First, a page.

These public health data are used by external partners (e.g., local, state, territory, and tribal health authorities; other federal agencies; local and state leaders; schools; or other partner organizations) to identify, prioritize, and implement strategies to prevent suicidal behavior and suicide. Rapid Response Suicide Investigation Data Collections methods will vary and depend on the unique circumstances of the urgent and rapid response and objectives determined by CDC. Investigations may use descriptive and/or cohort- or case-control designs. Data collection modes may include: (a) Archival record abstraction; (b) face-to-face interview; (c) telephone interview; (d) web-based questionnaire; (e) self-administered questionnaire; and (f) focus groups. Multiple data collection designs and modes are likely to be employed in a single investigation. The subpopulation will vary and depend on the unique circumstances of the Rapid Response Suicide Investigation Data Collections. Requests for assistance may include a state, county, community, or vulnerable population. Suicide rates are increasing across age-groups and vulnerable populations, include, but are not limited to, youth, middle-aged adults, active duty service personnel, veterans, and American Indian/Alaska Native communities. Investigations likely will often require collection of information from 10 or more respondents. The data analytic approach for the Rapid Response Suicide Investigation Data Collection will vary and depend on the objectives and methods of the investigation. Multiple analytical strategies are likely to be employed in a single investigation. This may include descriptive analyses, logistic regression, and temporal and spatial cluster analyses. The goal of the analyses is to inform suicide prevention strategies by understanding (a) significant increases in fatal or nonfatal suicidal behavior; (b) the risk factors associated with trends of fatal or nonfatal suicidal behavior; (c) the groups most affected (e.g., gender, age, location in community or state); and (d) current risk and protective factors and prevention opportunities. The total estimated annualized burden for this collection is 1,000 hours. The only cost to respondents will be time spent responding to the surveys.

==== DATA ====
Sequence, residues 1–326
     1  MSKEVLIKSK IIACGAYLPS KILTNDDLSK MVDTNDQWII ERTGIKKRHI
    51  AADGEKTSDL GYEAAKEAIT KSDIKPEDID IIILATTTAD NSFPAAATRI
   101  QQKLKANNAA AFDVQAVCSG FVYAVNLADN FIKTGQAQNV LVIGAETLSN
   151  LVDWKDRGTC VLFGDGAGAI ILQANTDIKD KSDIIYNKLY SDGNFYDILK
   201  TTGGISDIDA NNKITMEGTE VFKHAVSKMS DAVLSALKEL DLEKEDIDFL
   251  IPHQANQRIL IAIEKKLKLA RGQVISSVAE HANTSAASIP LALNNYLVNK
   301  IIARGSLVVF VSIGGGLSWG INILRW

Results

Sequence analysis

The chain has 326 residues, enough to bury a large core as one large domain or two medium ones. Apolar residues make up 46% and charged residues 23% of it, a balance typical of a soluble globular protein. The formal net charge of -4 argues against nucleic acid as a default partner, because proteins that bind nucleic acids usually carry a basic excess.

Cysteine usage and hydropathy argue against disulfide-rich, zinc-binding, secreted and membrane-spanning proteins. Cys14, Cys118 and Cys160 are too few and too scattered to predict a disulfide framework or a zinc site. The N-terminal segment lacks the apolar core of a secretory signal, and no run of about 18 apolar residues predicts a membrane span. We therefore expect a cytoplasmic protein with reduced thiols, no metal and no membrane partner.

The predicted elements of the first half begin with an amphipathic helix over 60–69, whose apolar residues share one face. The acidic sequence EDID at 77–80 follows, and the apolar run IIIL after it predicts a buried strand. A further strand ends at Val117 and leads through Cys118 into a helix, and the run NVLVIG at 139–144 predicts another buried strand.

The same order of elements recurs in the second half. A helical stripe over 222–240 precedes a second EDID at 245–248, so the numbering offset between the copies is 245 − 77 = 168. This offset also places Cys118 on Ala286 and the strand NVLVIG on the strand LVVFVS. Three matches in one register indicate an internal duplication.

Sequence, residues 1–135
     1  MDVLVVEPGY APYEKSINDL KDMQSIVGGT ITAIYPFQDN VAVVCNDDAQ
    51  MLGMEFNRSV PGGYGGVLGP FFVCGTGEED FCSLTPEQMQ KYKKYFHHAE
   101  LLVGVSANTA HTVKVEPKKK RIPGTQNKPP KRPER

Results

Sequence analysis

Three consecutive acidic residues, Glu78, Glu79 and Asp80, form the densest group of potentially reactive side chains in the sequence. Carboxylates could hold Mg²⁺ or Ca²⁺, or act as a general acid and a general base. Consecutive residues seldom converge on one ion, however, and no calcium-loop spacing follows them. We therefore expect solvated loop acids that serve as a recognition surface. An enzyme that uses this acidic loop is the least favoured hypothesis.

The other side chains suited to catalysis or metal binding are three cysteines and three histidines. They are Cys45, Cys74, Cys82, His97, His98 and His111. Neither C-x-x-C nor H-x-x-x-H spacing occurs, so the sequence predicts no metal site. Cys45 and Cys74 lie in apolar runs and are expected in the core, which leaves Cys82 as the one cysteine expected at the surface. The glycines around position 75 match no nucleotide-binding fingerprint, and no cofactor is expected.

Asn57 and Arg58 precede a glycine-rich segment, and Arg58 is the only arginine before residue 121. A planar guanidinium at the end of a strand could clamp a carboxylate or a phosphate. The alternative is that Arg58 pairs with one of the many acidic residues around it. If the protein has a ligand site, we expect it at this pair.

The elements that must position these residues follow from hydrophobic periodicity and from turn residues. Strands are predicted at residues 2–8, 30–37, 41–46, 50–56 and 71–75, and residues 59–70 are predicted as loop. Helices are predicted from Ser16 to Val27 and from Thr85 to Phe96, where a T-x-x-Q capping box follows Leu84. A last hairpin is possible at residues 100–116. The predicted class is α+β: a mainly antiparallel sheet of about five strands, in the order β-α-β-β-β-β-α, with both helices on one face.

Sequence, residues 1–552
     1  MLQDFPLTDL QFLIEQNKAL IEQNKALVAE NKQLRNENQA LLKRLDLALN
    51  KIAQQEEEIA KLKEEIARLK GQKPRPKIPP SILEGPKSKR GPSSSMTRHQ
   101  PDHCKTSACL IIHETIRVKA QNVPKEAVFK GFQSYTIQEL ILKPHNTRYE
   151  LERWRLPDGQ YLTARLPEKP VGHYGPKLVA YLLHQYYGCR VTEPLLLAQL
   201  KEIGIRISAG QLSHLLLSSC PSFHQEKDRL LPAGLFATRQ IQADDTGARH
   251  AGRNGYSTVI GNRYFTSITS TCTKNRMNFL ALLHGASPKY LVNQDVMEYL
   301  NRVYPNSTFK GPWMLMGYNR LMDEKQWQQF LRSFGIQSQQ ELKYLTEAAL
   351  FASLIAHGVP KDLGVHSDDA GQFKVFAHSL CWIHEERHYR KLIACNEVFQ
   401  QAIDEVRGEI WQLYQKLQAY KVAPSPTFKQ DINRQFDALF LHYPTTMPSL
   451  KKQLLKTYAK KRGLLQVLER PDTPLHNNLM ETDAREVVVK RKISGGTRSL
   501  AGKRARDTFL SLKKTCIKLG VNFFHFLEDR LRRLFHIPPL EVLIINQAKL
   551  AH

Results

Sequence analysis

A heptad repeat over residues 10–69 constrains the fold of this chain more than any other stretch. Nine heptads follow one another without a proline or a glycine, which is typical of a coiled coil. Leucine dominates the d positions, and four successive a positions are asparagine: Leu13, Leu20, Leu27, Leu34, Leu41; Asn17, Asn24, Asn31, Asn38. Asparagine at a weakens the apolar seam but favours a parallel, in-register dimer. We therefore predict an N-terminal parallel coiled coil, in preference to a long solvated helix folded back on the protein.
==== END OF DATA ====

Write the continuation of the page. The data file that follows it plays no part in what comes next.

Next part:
Estimated Annualized Burden Hours

    Type of respondentsForm nameNumber of respondentsNumber of responses per respondentAverage burden per response (in hours)
    Rapid Response Suicide Investigation Data Collection ParticipantsRapid Response Suicide Investigation Data Collection Instruments2,000130/60
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    Jeffrey M. Zirger,

    Acting Chief, Office of Scientific Integrity, Office of the Associate Director for Science, Office of the Director, Centers for Disease Control and Prevention.

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    [FR Doc. 2018-14172 Filed 6-29-18; 8:45 am]

    BILLING CODE 4163-18-P

Document Information

Published:
07/02/2018
Department:
Health and Human Services Department
Agency:
Centers for Disease Control and Prevention
EntryType:
Notice
Document Number:
2018-14172
Pages:
30938-30940 (3 pages)
Docket Numbers:
30Day-18-18CV
SectionNoes:
PDF File:
2018-14172.pdf